Can An Old Economic Justice Fighter Win Over The New Progressives?

Just about everyone who’s been involved in Iowa politics for more than a decade knows who John Norris is. But if you are a younger Democrat, a progressive who got inspired by Bernie Sanders’ campaign or just someone who became involved after the Vilsack years, you might not. And those folks might look at Norris’ resume through the lens of the 2016 presidential primary and see an old guard, establishment insider: former chief of staff to the governor, former IDP chair, a USDA official and utilities board chair.

That, however, wouldn’t be an accurate read of the man who has often found himself on the left of the party’s status quo, to the point where he was once told he’d never have a job in Iowa Democratic politics again after working for a “fringe” candidate. That “fringe” candidate was Jesse Jackson, and fifteen years after Norris received that threat from a party leader he was chair of the Iowa Democratic Party.

Norris now looks to bring a unique mix of life experiences to the gubernatorial race: a respected leader in the state and national political class who has real credibility on economic justice issues. That background makes him a particularly interesting figure in today’s Democratic and progressive political climate, not fitting any specific mold or frame of a candidate that the party applied to their presidential contenders last year.

Politics and organizing were a part of Norris’ life from the start. His father was an early organizer for the National Farmers Organization, taking a younger Norris to organizing events with farmers and Democratic campaigns. During those events, he first got to meet Tom Harkin while in high school. Norris would go on to work on one of Harkin’s congressional campaigns, driving him to events throughout Southwest Iowa.

“Even though growing up in rural Iowa I felt connected, the fact that I spent a whole year traveling around in the mobile office, talking to voters, gave me a connection to rural Iowa that isn’t too different today,” Norris told Starting Line.

The most formative years of Norris’ life came during the 1980s’ farm crisis, when he did his best to help many of those farmers he’d met get through a tough time.

“That probably was the most impactful in my life and my philosophy as anything,” Norris said. “We had a rural crisis hotline for farmers thinking of suicide. Families were being broken up. Not just farmers, but banks, businesses. It was an ugly time. And it, in my mind, was largely a product of failed farm policy and this race to get big corporate agriculture that winnows out these farmers. We now know what’s that done to rural Iowa. It’s been devastating, and unnecessarily so.”

Then came the 1988 Iowa Caucus. The year before Jesse Jackson first traveled to Iowa in preparation for his presidential run, packing an overflow crowd of 700 into a church in Greenfield. Invited out to the Adair County town by Dixon Terry, Jackson built his Iowa campaign around Greenfield, using it as a way to connect his message about both urban and rural communities being left behind.

Norris helped hold the first organizing meeting for Jackson for President in the Greenfield country club, and would later pull off what he described as the “best political event in the history of Democratic politics.” When Jackson announced his campaign for president, he did it by holding a huge parade through the streets of Greenfield.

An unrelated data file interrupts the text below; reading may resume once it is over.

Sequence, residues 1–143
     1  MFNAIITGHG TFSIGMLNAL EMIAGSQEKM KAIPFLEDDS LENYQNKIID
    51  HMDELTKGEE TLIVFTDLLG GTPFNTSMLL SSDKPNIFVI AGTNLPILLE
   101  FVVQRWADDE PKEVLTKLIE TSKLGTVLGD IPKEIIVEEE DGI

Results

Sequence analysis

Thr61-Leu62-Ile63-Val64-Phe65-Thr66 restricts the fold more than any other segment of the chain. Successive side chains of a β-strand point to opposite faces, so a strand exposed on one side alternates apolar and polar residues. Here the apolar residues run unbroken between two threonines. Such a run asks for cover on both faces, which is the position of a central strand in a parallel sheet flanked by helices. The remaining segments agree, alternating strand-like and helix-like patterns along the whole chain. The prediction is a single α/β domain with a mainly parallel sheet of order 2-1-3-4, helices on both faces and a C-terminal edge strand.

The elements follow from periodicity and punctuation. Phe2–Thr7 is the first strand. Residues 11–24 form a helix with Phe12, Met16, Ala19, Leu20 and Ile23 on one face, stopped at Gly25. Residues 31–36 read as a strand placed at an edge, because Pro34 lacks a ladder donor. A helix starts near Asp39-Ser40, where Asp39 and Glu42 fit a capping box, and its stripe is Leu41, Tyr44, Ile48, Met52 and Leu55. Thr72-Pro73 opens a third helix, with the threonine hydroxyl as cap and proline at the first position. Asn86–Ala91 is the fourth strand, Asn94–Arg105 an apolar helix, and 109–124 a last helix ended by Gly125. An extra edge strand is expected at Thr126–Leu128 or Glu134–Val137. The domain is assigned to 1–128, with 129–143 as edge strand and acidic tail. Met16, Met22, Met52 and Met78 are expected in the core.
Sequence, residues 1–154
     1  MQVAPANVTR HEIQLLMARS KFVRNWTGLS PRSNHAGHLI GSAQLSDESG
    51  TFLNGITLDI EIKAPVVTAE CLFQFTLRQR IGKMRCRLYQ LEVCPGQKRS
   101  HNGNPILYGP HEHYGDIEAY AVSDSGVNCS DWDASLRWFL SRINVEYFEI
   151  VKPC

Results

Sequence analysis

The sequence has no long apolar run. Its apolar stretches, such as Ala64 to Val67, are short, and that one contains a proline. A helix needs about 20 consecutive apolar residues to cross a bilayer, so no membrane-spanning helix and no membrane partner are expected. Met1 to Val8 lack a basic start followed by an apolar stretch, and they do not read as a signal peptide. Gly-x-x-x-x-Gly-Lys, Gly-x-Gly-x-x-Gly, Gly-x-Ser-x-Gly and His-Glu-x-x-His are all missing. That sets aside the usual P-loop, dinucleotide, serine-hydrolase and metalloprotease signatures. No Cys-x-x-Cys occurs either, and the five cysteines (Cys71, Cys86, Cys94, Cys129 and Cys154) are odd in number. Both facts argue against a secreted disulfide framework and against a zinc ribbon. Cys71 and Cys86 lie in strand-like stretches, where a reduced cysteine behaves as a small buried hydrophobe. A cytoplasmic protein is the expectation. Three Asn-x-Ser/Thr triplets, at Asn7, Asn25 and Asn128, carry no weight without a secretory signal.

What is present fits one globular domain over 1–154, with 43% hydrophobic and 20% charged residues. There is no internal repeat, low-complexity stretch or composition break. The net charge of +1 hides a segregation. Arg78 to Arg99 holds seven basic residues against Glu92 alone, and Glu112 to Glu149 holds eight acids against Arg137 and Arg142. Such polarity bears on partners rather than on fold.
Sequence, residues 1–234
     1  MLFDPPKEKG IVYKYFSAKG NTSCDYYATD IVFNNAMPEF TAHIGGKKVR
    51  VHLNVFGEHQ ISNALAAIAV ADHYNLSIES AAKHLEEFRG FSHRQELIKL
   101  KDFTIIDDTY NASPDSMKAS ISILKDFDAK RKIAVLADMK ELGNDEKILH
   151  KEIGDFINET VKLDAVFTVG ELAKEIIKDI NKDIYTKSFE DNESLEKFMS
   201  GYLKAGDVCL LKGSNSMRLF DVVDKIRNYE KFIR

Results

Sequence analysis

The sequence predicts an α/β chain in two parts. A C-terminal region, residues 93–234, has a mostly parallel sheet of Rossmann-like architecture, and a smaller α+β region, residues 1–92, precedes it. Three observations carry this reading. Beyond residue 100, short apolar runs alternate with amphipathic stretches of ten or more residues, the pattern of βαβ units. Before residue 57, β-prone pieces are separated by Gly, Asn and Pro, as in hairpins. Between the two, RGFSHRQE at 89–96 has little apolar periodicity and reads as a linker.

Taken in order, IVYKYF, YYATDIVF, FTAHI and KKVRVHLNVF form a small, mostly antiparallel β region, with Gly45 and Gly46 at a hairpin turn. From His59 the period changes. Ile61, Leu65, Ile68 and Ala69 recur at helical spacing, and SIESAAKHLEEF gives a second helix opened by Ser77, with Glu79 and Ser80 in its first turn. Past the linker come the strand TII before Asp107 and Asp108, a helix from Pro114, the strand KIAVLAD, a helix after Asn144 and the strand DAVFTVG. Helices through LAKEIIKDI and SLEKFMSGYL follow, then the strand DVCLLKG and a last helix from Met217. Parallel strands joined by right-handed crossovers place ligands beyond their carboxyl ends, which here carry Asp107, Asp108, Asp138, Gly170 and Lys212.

“This is Greenfield, Iowa, the only African American in town was the adopted daughter of the Methodist minister,” Norris said. “We had a parade through the town square in main street Greenfield and it was a sight to behold. It arrived at a tent at the edge of town, at the fairgrounds. I’ll never forget, we borrowed chairs from the fairgrounds and set them up in the tent, and on the bottom of some of the chairs were ‘KKK.’ We had a gospel choir from a Waterloo church, we had a bluegrass band, we had a reggae band, and we had the boy scouts doing the pledge of allegiance. It was the most rainbow crowd you can imagine from all over the state and country that came in for it.”

The insurgent Jackson campaign would take Norris all over the country, including to California where he marched with Cesar Chavez for migrant workers. At the time, Jackson’s policies were seen as radical, even inside the Democratic Party. He pushed for a single-payer healthcare system, getting rid of mandatory minimums in prison sentencing, an Equal Rights amendment, creating a Palestinian state, free community college and more. And he specifically worked to link the plight of white Americans in rural communities to the overall struggle for economic fairness.

Jackson over-performed in his 1988 run, but still came up short, and Norris looked for what was next. And even though Norris had already worked for Harkin and the state party, his allegiance to Jackson’s candidacy was seen as disqualifying, and he was informed he’d have trouble finding political work again.

“I didn’t see that as any diversion from that,” Norris said, dismissing the view then that Jackson was a “fringe” politician. “That person didn’t understand what was happening. He hadn’t seen great, big Iowa farmers hug Jesse and cry. I knew I was doing the right thing … Jesse was mainstreaming an issue that needed to be told. It opened my eyes to the plight of rural farmers and urban areas as well.”